Sex Talk: Children need truth, not consequences

For generations, a single idea – often one word – has been marbled into every uncomfortable parent-child sex talk: consequences.

“Those are the messages we’re trying to undo,” explains author and sexual health teacher Saleema Noon.

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By associating sex with fear, parents and teachers are aiding repression while damaging the possibility of open discussion.

“I encourage parents not to use the term consequences when talking about sex, specifically when it comes to STIs and pregnancy. … We do need to talk about those but we don’t need to freak (kids) out about it,” she says.

Noon is scheduled to appear at Capilano library on Thursday to promote Talk Sex Today, the book she co-authored with Meg Hickling.

The book is an expanded version of Hickling’s Speaking of Sex.

Published in 2005, Speaking of Sex ends with a tip for parents to be watchful of this burgeoning social media trend.

Today, Noon says the two most common questions parents ask are: “’How do I teach my kids good habits online and how do I keep them safe online?’”

The self-esteem of many teens and even pre-teens is entwined with page views and online likes, Noon explains.

“A lot of girls feel pressured to post provocative or sexy photos on social media sites like Instagram or Snapchat. And then the wait begins for the likes and the comments and the follows,” she says. “If that particular photo doesn’t get the attention that the person’s looking for, maybe the next picture needs to be a bit racier.”

It’s equally concerning to see the way boys often behave online, Noon adds.

“Boys learn from a young age that if they get sexy photos from hot girls, they better share them with their friends because that makes them a pimp and a player. … They’re looking for peer approval too.”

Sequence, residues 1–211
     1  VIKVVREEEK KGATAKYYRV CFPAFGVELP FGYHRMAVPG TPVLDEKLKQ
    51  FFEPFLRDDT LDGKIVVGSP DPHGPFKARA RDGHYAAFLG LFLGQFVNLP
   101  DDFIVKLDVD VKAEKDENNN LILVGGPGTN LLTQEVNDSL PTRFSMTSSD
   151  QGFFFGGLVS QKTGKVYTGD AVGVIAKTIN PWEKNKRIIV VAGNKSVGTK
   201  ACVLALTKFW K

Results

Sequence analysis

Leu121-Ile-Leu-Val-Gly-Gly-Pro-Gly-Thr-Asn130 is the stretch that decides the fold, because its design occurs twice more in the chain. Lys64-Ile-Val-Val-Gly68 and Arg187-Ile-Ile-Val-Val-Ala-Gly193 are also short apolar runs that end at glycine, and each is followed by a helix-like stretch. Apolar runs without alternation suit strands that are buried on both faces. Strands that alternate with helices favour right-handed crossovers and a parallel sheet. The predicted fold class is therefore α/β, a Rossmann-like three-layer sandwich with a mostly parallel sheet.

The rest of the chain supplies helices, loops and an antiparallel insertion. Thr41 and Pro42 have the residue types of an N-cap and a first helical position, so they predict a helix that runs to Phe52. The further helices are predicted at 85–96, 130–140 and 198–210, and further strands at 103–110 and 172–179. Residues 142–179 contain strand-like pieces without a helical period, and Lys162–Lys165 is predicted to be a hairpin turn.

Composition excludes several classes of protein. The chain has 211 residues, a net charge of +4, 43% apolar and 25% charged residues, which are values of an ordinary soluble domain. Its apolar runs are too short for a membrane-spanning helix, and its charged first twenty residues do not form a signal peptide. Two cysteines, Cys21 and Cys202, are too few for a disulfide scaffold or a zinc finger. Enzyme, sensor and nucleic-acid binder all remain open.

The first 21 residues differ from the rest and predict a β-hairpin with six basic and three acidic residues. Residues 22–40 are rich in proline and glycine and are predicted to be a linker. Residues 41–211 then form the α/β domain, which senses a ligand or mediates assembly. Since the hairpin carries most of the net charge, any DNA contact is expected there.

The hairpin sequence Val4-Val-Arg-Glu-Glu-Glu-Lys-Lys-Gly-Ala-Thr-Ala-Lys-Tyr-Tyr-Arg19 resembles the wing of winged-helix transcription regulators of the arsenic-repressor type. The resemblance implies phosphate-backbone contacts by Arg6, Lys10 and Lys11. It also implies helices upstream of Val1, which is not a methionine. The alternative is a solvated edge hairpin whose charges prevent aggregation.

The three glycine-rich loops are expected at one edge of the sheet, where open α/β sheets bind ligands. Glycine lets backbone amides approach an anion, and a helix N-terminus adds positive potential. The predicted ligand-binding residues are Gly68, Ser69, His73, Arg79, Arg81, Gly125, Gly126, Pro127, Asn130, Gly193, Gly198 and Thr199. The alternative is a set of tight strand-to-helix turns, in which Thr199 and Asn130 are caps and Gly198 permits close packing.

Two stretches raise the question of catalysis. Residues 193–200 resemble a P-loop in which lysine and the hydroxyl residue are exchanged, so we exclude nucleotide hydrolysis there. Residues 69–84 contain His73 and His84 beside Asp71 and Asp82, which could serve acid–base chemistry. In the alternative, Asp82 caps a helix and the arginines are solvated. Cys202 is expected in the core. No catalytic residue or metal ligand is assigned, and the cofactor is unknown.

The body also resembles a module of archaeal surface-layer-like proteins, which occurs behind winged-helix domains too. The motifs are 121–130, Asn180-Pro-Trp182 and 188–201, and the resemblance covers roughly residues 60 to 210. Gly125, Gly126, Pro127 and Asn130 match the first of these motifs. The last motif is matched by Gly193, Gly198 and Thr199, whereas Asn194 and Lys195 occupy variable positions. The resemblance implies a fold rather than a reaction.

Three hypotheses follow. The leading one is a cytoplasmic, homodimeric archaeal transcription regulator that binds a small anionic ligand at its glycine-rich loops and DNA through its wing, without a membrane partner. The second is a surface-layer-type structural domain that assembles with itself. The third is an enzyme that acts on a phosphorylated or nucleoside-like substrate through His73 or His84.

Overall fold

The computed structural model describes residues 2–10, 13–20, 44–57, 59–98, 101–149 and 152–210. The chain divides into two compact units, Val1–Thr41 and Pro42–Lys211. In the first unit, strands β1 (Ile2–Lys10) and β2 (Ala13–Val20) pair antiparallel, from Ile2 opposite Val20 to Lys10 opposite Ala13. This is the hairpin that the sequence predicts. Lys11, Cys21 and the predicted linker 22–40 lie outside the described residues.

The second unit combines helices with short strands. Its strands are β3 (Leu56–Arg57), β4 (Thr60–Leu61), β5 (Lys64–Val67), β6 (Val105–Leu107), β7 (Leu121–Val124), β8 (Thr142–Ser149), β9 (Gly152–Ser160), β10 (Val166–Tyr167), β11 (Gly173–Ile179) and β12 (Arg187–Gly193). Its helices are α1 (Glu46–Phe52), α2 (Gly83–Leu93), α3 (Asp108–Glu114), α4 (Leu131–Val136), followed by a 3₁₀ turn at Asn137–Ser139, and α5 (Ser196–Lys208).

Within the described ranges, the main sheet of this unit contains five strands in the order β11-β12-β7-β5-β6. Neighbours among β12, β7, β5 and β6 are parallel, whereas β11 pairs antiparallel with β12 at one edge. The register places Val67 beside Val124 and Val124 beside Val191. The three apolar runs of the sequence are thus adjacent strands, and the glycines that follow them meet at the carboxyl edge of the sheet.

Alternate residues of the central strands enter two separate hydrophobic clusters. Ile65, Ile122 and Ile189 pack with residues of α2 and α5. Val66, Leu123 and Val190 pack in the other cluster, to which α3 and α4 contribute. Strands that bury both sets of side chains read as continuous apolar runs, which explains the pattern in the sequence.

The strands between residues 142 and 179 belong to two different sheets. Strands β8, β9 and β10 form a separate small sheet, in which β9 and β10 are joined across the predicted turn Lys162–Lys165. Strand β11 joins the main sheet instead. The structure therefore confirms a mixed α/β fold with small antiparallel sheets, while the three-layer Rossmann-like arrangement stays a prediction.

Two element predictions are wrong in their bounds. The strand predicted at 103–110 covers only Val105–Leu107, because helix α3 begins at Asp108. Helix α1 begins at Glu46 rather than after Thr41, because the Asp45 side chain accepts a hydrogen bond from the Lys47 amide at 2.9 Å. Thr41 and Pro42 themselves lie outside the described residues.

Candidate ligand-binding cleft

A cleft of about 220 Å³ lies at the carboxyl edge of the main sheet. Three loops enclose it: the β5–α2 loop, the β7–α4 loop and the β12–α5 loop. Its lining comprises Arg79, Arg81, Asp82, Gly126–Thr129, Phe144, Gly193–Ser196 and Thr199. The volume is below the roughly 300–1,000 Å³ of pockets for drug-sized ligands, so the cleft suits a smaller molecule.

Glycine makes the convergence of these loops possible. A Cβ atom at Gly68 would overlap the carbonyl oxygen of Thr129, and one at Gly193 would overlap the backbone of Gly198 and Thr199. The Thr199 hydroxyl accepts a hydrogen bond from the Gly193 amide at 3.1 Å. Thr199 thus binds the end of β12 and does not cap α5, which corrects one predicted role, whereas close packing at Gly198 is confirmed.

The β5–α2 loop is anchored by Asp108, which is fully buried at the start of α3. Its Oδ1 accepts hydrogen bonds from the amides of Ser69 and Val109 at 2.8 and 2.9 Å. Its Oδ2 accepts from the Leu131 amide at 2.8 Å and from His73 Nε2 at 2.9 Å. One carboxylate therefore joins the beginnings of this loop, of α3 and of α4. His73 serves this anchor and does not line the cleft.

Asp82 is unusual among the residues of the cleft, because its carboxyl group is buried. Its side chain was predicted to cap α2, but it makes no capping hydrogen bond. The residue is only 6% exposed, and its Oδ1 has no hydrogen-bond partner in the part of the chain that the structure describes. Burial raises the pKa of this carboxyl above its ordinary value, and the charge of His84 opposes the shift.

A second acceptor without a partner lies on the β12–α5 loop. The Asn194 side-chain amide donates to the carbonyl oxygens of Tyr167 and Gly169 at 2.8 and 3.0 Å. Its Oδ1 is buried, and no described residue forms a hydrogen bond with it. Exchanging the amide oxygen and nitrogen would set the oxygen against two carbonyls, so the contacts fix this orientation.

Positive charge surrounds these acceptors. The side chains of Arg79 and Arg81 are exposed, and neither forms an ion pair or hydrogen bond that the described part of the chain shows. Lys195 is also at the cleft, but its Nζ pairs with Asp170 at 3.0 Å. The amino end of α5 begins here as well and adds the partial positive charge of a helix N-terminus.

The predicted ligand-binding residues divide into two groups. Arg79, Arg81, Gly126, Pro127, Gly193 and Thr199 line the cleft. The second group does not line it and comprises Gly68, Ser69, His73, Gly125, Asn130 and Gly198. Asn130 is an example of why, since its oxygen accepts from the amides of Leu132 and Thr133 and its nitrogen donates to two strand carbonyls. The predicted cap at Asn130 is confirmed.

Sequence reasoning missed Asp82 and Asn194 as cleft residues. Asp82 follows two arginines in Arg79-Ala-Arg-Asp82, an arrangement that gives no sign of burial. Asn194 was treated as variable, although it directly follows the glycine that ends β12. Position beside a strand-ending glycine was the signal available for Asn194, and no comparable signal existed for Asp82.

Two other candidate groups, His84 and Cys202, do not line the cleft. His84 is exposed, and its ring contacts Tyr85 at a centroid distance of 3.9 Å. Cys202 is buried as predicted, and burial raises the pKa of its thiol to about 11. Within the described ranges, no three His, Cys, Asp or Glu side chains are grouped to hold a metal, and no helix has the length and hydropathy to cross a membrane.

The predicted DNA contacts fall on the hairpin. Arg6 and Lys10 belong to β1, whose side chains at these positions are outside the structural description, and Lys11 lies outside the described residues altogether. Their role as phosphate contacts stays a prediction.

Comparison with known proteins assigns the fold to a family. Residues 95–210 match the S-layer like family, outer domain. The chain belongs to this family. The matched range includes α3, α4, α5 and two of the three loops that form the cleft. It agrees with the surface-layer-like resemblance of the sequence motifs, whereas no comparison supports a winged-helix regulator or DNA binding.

Noon encourages young people to navigate the online world with empathy.

“Even the most insignificant decision on their part – like not sharing a photo – could have a major impact on someone else’s life.”

Noon stresses teaching children to respect their own bodies.

When she was a little girl at one of her parents’ dinner parties, Noon recalls being expected to give a hug and kiss to all the guests before going to bed.

“I’m all for good manners but forcing (children) to come into physical contact with people they don’t know very well … is not empowering them to keep their bodies safe,” she says, suggesting a high-five as a possible substitute.

By preschool age, children should feel like they’re the boss of their bodies, Noon says. As they get older, they can more fully understand the idea of consent and assertiveness – both for themselves and others.

While today’s children tend to be more knowledgeable about sex than previous generations, they are also growing up in an age where any hoax is only a click away.

“There’s still a lot of misinformation and myths flying around and the Internet has helped those myths to spread faster,” Noon says, referring to a fictitious female genital infection known as a blue waffle.

Children of the Internet age also have access to far more pornography than their parents did, which is why Noon devotes a lot of time explaining that pornography does not reflect what a “typical, healthy sexual relationship” looks like.

“People in pornography may look like they’re having the time of their lives, but they’re actors, it’s entertainment.”

Pornography can also contribute to some misguided ideas about what men and women are supposed to be, which is why it’s important for parents to create a “culture of inclusion,” according to Noon.

“There’s still bullying in schoolyards and online to someone who doesn’t conform to our very rigid gender stereotypes,” she says, discussing transphobia as a persistent problem.

“The idea behind Talk Sex Today is for parents to feel empowered to be their kids’ No. 1 source of sexual health information early on,” Noon says. “If we can normalize the topic of sexual health from the day our kids are born, they’ll continue to come to us with their questions.”


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